I also have a better, but also quite old woollen jumper that I used to keep ‘for best’. ie. for going out in. I keep it in a plastic bag over the summer months, filled with herbs and lavender, to keep the moths out. But over the years, the little tenacious critters seem to have found their way in every now and then and now this jumper too has a few holes in it. So after I ‘finished’ the brown jumper. I started on the next one. It only has a few small moth holes, so it was a quick ‘two-nighter’ job. Done sitting in front of the wood fire, keeping warm and getting next years woollens up to speed for the next winter, before I put them away for the summer. Back into the fragrant herb lined plastic bag.
This series of repair sessions that began 13 years ago trying to extend the life of a good quality piece of clothing, slowly took on a life of its own. I think that I may have made this old brown jumper a bit too special for welding and firing now. It’s become rather special in its lovingly repaired old age.
The Japanese have a single word that sums up this concept. Mottainai!
As for the concept of kintsugi that I mentioned above. I have been slowly working my way through a number of special pots that survived the fire. They are all broken, but still rather lovely in their own special broken and shattered way. I have re-built all the broken and missing sections of the bowls using my own home-made epoxy-based filler which I hand-build in small sections, layer upon layer, grinding back and sanding each layer, then adding on another little section, slowly building the missing section back up to where it once was.
The really beautiful thing about something that you have done yourself, by your own hand, is rather special. These repaired items are more valuable and unique than they were beforehand, not in a financial way, but something more cerebral and emotional. The loving workmanship has transformed them up to another level of complex value. And, in the final analysis, probably also some sort of increase in monetary value, but this is hard to quantify, as such special personal items rarely ever really come onto the commercial market.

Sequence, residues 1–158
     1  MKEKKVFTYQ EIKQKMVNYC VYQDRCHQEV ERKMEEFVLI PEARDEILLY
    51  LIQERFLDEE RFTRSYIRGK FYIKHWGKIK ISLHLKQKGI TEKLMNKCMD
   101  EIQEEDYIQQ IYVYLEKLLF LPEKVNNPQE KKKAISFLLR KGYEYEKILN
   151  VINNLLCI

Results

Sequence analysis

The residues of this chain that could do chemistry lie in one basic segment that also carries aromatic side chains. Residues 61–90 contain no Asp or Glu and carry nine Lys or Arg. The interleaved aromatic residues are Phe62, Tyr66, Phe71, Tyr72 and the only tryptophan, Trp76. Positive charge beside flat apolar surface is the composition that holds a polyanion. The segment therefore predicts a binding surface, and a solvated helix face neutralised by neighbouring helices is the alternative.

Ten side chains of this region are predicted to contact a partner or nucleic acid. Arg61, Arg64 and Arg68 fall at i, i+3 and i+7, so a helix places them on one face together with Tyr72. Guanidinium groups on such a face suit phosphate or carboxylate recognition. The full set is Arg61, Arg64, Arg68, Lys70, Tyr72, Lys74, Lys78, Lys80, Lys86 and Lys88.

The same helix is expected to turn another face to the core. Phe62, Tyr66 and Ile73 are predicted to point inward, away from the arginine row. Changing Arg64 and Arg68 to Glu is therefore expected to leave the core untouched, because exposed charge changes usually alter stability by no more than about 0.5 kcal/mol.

In these last few weeks of late winter, we have been picking loads of citrus for both juice and marmalade.
The avocado season is also in full swing with quite a good crop on this year.
I have finally finished building the car port shed, Started in March 2020, completed August 2022. It’s only taken me 2 1/2 years. Slow but thorough.
One other reason for the long time interval from start to finish, was that apart from the initial frame, everything else was scrounged, re-cycled and repurposed.
The last job was to fame up the East wall and clad it with poly carbonate sheeting. We were gifted a couple of very large recycled glass doors, by a lovely friend who had them taken out of her house to do extensions. I designed and built the wall out of left over steel sections that the pottery shed builders thew out on the scrap pile to go to the tip. I couldn’t bear to see such waste, even to see it go to the re-cyclers was a great waste of embedded energy, so I welded all the small section of scrap together to make long 6m. useful beams. I designed and built this last wall around the donated glass door sizes to make a snug fit.
I’m glad that it is finally done, as there was a lot of 5 and 6 metre high ladder work. More than I was comfortable with. Luckily, I had my very good friend Warren to give me a hand for a couple of days to get it completed. These beams are just too long to lift and fit one handed on a ladder by myself.
You can read the story of re-purposing the short steel off-cuts from a previous blog post here;
I started framing this wall last December. I’ve been working on it on and off since then as time permits.
Winter is also the time for fruit tree pruning. It’s been an on-going job for a few weeks now, on and off, as time allowed.
I didn’t do a lot of pruning over the last 3 years, as most of my orchard trees got burnt. Those that survived, just got ignored, as I was way too busy doing other more important jobs at the time.
So this year was a big year for catching up, reshaping and thinning out.
The small chain saw got a bit of a workout as well as the usual range of secateurs and hand saws.
We generated quite a pile of prunings by the end of the work and had a good bon fire to clean it all up last week at the end of the work, but before the fire bans come back into force.
Recently, it was our sons birthday, so I made him a panforte as a birthday cake.